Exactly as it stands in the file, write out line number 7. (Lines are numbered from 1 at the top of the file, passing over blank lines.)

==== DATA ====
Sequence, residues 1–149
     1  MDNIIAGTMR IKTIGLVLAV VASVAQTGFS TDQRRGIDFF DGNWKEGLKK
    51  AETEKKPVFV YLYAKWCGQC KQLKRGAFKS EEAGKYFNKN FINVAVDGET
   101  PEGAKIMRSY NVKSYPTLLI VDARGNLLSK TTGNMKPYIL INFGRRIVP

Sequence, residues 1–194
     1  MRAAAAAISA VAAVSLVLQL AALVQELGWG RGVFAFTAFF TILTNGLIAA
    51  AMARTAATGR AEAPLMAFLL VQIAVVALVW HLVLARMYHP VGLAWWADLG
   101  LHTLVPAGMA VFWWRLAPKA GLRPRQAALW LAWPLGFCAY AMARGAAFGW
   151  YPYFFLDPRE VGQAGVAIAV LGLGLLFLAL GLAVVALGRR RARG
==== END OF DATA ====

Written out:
    51  AMARTAATGR AEAPLMAFLL VQIAVVALVW HLVLARMYHP VGLAWWADLG